Holy Mass outside the Shrine in Washington yesterday brought me (and the world, I think) many graces.
Papa Francesco declared that Father Junipero deserves veneration at the Church’s altars, all over the world. A mild, peaceful sun shone on an earnest gathering of 25,000-or-so people–an assembly of humanity with pretty much one common bond: faces turned towards Christ.
The intersection of 4th and Michigan, N.E., has never known silence like the moments of recollection during this Mass. Former Abp. of Washington, the late James Cardinal Hickey, loved to talk about how loudly the streetcars squealed at this intersection in 1940. But yesterday, with all the streets closed, and everyone praying in silence, you could hear the breeze rustle a bush 100 yards away.
We priests sang Pescador de Hombres together during the communion meditation, and I prayed for another twenty-two years just like the last twenty-two (which I have spent in the Church ruled by the Pope).
I love our Holy Father very much. He gave a speech inside the Capitol this morning. Some lovely lines, but I cannot defend it as an oratorical work of art.
I heard the speech in the car, driving back to my beloved parish(es). It ended, and I sat in a stunned daze. The sentence that I had awaited never got said.
So I turned off the radio. I do not hesitate, as a two-decade veteran of the Pro-Life Movement, to say that I felt punched in the face. Holy Father had never said the word abortion. Had never referred to the innocent and defenseless unborn child.
So I meditated instead on another papal speech given during an early-autumn visit to Washington…
I do not hesitate to proclaim before you and before the world that all human life—from the moment of conception and through all subsequent stages—is sacred, because human life is created in the image and likeness of God. Nothing surpasses the greatness or dignity of a human person. Human life is not just an idea or an abstraction; human life is the concrete reality of a being that lives, that acts, that grows and develops.
Let me repeat what I told the people during my recent pilgrimage to my homeland: If a person’s right to life is violated at the moment in which he is first conceived in his mother’s womb, an indirect blow is struck also at the whole of the moral order, which serves to ensure the inviolable goods of man. Among those goods, life occupies the first place… Human life is precious because it is the gift of a God whose love is infinite; and when God gives life, it is for ever…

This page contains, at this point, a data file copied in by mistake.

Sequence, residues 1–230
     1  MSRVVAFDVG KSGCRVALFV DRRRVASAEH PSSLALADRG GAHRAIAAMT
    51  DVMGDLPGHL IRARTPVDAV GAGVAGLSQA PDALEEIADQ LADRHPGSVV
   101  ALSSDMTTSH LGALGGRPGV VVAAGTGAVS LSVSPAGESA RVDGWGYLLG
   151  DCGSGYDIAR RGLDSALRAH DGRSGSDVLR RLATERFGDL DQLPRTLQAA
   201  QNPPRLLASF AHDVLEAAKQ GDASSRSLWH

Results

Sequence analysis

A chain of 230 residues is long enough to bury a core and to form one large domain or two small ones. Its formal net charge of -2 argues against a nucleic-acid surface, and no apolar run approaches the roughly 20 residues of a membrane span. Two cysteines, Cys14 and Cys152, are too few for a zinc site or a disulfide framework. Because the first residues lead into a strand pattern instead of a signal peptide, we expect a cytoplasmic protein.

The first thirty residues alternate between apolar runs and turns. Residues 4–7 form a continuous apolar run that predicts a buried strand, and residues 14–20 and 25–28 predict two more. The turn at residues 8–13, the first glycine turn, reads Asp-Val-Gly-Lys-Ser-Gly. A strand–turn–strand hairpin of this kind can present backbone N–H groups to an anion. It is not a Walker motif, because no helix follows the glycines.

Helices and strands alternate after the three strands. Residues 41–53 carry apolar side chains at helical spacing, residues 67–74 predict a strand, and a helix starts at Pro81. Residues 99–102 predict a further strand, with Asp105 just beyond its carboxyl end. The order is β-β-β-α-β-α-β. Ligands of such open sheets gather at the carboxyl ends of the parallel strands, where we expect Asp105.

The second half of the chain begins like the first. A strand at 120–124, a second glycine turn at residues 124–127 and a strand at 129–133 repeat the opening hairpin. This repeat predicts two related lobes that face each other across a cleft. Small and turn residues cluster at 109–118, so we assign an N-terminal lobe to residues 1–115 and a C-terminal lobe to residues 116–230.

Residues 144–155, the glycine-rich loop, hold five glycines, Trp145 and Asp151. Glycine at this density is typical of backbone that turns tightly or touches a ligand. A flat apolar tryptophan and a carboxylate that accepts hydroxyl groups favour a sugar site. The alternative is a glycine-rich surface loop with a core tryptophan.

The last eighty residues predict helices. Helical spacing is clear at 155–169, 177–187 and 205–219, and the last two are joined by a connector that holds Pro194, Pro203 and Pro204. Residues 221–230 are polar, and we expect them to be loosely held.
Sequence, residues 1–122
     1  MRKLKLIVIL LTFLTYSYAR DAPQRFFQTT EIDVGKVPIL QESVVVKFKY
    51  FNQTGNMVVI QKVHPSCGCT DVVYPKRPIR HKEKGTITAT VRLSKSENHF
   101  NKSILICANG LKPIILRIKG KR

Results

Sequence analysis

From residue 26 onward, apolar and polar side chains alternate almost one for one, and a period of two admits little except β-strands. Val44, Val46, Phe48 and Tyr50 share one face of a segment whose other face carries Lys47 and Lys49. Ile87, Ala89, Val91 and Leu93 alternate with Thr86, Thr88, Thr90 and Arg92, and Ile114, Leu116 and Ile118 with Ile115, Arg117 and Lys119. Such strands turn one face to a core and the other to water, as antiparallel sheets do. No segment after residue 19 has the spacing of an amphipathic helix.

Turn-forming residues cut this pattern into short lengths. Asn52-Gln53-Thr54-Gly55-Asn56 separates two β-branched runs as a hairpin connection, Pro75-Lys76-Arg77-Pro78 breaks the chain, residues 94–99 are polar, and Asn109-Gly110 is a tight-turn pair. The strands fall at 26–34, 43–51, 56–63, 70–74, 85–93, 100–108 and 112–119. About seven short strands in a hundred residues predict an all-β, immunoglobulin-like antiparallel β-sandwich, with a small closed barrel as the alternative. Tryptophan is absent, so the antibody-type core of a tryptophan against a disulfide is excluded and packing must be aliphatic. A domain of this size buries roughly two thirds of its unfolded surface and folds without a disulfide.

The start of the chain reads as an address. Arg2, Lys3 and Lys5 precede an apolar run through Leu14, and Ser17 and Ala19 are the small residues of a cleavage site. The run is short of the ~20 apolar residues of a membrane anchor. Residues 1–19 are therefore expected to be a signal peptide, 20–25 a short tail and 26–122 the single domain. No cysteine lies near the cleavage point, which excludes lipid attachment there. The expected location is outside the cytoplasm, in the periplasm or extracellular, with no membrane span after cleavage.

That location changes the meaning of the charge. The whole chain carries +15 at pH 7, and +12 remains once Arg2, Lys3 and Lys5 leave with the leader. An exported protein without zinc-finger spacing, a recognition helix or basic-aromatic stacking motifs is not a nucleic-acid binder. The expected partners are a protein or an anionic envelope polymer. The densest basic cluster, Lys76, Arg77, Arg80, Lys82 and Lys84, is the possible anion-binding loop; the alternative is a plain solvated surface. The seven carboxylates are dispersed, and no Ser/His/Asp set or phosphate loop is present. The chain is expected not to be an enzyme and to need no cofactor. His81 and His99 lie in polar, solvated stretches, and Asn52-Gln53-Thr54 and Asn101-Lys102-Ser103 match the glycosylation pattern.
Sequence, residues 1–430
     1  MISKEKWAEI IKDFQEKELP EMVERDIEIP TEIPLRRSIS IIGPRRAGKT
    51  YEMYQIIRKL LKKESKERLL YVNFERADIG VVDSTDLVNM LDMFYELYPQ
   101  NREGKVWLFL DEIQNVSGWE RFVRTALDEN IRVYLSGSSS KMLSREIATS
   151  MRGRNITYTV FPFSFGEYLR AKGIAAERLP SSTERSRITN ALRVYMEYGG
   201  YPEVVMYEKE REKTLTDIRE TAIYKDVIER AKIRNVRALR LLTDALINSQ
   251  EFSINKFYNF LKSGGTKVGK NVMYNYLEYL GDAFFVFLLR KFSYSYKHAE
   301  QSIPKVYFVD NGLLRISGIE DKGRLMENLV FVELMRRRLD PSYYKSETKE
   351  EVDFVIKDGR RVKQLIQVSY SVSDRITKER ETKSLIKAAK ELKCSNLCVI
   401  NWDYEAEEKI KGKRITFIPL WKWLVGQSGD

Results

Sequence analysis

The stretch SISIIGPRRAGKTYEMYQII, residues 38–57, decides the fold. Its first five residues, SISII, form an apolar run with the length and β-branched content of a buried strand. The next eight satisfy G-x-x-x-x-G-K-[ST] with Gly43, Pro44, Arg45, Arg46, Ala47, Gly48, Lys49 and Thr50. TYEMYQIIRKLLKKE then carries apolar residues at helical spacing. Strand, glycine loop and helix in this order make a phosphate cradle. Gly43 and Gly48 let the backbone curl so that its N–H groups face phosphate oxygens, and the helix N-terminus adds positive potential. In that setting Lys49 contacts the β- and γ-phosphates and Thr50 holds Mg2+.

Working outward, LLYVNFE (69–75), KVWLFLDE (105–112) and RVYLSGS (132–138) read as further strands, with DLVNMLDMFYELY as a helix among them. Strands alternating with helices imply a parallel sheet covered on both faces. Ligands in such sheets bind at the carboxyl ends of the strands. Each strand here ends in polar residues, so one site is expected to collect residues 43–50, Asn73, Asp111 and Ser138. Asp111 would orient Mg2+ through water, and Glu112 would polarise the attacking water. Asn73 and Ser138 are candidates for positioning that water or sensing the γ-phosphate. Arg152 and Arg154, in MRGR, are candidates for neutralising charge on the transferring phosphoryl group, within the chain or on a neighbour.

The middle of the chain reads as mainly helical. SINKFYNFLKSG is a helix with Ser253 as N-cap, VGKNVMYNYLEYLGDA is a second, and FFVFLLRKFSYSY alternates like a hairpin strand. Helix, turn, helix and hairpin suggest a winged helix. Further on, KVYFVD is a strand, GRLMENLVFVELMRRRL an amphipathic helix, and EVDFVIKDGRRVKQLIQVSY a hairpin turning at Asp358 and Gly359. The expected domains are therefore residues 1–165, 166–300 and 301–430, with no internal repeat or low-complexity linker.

All human beings ought to value every person for his or her uniqueness as a creature of God, called to be a brother or sister of Christ…
For us, the sacredness of human life is based on these premises. And it is on these same premises that there is based our celebration of life—all human life. This explains our efforts to defend human life against every influence or action that threatens or weakens it…
And so, we will stand up every time that human life is threatened. When the sacredness of life before birth is attacked, we will stand up and proclaim that no one ever has the authority to destroy unborn life. When a child is described as a burden or is looked upon only as a means to satisfy an emotional need, we will stand up and insist that every child is a unique and unrepeatable gift of God.
[October 7, 1979, Mass on the Mall, John Paul II]
Torna presto. (Card. Dolan to His Holiness, when the pope was getting ready to leave St. Patrick’s after Vespers this evening.) Most charming line of the papal visit so far. Torna presto, dear reader, for more reflections on Holy Father’s visit.